Moody, building on the foundation of evangelists such as Whitfield and Finney, held great crusades and passionately preached the Gospel. Newspaper writers were puzzled as to why this man, whose bad grammar reflected his grade four education, could fill great halls with tens of thousands of people night after night. Nevertheless, the front pages of their morning newspapers often carried his sermon delivered the night before.

His life illustrates the necessity of completely yielding to God. While in England he heard evangelist Henry Varley say, “The world has yet to see what God can do through a man who is totally yielded to Him.” Moody was captivated by these words and resolved, “By the Grace of God, I will be that man!”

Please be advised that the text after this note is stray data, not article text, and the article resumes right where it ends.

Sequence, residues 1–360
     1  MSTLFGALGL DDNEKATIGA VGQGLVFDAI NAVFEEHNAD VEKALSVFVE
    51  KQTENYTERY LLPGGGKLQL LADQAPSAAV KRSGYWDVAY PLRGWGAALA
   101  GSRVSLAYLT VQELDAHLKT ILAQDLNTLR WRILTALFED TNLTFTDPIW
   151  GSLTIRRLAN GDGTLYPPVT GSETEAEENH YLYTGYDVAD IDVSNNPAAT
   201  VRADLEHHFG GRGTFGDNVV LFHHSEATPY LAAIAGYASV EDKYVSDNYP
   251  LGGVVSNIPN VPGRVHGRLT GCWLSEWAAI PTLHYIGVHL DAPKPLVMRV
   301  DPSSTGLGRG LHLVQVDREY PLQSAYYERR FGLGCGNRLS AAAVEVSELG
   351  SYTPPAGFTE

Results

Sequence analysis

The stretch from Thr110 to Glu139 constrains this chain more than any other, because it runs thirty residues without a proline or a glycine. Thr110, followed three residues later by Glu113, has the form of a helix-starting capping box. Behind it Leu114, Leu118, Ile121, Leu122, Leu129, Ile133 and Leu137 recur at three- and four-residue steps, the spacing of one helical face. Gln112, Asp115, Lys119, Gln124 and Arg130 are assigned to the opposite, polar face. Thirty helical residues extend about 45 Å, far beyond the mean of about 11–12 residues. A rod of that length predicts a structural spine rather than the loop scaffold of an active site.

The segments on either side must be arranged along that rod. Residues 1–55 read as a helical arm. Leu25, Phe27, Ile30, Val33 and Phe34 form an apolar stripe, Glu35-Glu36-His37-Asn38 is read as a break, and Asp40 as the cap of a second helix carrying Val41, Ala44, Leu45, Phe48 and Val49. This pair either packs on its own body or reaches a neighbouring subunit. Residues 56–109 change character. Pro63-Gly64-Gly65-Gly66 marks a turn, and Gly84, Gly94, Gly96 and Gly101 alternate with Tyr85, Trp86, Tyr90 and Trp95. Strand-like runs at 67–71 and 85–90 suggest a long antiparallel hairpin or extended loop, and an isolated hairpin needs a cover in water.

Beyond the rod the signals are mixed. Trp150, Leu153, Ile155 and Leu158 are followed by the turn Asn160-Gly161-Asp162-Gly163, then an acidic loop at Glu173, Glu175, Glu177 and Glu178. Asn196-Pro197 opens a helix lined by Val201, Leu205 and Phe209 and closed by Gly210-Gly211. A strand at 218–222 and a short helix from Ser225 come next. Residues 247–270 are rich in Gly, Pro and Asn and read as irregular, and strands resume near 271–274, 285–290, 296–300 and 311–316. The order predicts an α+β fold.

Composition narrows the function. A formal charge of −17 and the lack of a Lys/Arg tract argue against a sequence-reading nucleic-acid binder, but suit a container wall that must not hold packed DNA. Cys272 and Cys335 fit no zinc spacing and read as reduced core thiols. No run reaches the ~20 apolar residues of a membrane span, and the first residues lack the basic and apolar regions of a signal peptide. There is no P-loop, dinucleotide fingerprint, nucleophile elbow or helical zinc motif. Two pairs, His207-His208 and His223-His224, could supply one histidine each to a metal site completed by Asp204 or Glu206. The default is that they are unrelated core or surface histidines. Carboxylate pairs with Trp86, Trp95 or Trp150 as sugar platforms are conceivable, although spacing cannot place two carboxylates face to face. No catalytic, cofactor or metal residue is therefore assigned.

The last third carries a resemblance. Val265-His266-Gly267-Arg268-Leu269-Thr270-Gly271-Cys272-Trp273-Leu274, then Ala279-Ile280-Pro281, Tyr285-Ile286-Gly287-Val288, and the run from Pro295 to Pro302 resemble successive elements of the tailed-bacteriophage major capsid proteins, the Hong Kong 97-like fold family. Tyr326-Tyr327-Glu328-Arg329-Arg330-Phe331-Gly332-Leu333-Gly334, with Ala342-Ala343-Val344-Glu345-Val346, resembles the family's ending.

When he died on December 22, 1899, the thousands who gathered for his funeral were told:

Though he made no inventions and had no discoveries, though he wrote no poems, painted no pictures, and led no triumphant armies, this unlettered son of a poor woman in New England … made an impression on the world that this dying century has seldom seen.

That “impression” is still with us today. Among his many legacies is the founding of The Moody Church in 1864, and the Moody Bible Institute in 1886.

I invite you to rejoice with us as we celebrate the 150th year of The Moody Church’s ministry in the city of Chicago. The entire Christian world owes a debt to this man who proved that it is not great ability but great availability that really matters to God!

Moody: A Man for Our Times